Five years ago, when the Arab Spring seemed at its most hopeful point, a Saudi diplomat told me, scornfully, that it would come to nothing. I had met him in the halls of the United Nations, where I had been asking diplomats about their views on Libya. The Saudis were eager to have the UN validate armed action to remove Muammar Qaddafi. A Saudi news outlet, al-Arabiya, had suggested that the Libyan military was killing its citizens with abandon. Fog surrounded Libya. The U.S. State Department seemed clueless. It did not have any reliable intelligence. Hillary Clinton, who pushed for war, relied upon the French and the Saudis for their assessment of Libya. These were unreliable narrators. Saudi Arabia, at least, wanted the Arab Spring shut down. It threatened its own undemocratic regime. The diplomat’s scorn grew out of this anxiety.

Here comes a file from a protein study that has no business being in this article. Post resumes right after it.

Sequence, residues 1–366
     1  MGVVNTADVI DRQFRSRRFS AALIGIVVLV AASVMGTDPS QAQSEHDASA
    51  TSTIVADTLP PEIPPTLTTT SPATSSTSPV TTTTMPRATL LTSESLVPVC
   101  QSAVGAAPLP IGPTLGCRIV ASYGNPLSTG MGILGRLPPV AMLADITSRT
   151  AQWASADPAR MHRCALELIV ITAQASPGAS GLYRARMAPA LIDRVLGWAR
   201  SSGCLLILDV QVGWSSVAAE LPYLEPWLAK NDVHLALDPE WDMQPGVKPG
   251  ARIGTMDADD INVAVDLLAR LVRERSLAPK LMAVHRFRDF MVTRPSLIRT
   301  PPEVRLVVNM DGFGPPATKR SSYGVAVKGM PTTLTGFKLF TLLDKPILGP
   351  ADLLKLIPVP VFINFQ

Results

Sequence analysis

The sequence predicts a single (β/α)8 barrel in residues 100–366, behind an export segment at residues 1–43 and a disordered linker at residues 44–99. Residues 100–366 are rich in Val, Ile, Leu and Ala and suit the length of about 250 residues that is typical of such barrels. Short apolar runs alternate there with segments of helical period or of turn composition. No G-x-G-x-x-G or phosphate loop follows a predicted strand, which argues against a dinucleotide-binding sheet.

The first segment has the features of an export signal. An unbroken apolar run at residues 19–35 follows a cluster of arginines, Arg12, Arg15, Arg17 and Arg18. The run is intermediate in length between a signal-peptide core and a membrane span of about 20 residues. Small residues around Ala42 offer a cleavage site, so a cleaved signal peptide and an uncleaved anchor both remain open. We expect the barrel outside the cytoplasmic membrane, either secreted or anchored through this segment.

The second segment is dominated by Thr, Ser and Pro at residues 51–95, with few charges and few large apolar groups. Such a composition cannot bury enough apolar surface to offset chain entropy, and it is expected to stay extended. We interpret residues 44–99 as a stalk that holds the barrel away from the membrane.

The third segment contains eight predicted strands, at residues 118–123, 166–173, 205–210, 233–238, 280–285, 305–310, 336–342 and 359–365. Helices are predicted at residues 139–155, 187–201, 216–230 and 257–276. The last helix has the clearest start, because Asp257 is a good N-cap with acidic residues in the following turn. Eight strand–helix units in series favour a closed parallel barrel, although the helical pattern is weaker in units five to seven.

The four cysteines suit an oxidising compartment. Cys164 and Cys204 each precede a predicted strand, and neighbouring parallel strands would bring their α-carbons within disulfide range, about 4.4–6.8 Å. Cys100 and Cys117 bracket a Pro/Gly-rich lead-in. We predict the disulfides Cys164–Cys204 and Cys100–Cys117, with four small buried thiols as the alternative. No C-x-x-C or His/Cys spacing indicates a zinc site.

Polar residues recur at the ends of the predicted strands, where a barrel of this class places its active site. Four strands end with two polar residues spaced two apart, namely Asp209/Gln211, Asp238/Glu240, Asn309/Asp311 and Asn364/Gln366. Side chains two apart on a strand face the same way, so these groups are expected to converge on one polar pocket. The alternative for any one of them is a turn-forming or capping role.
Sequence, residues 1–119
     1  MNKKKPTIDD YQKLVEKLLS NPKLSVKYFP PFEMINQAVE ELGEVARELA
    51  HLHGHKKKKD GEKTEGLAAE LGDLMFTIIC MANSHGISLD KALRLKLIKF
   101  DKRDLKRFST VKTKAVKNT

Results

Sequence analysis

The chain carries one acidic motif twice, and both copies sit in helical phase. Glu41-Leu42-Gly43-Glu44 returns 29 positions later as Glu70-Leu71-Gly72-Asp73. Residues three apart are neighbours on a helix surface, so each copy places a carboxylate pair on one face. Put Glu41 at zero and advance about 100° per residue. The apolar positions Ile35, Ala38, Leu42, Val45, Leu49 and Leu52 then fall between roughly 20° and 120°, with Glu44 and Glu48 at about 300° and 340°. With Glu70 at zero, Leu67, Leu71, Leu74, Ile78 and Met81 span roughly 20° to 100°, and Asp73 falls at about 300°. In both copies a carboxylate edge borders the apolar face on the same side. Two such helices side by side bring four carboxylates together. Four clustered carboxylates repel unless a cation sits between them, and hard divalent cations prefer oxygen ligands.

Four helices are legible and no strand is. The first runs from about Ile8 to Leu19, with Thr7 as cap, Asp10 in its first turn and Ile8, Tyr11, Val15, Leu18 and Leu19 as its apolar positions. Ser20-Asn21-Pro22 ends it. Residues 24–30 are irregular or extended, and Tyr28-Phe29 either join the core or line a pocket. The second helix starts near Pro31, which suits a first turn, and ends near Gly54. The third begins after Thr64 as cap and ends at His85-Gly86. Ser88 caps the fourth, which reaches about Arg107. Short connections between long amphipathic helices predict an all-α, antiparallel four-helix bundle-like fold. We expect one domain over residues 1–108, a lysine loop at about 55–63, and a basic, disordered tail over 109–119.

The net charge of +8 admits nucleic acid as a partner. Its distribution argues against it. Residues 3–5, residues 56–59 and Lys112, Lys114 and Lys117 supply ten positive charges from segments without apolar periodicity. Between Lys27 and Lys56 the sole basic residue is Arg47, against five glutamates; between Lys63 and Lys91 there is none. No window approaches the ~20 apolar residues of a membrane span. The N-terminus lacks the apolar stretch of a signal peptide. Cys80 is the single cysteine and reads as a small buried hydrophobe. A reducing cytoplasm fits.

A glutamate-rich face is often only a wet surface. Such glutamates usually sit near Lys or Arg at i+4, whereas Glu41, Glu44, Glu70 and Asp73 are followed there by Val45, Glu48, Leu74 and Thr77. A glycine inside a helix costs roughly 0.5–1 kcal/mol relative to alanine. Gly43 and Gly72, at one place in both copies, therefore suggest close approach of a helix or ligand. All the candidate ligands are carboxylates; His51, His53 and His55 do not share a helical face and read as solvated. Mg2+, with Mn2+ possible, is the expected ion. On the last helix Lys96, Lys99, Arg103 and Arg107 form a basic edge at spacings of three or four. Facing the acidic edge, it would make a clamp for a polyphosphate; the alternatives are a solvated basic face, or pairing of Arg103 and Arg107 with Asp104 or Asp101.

Like an angry dragon, Saudi Arabia lashed around the region, throwing money and arms, encouraging chaos in this and that country. One underestimates the biliousness of monarchs: at a 2009 Arab League meeting, Qaddafi had cavalierly dismissed the King of Saudi Arabia as a creation of the British and a protectorate of the Americans. It was evident that the monarchs would not tolerate his existence for much longer. Two years later, they—with Western help—dismissed him.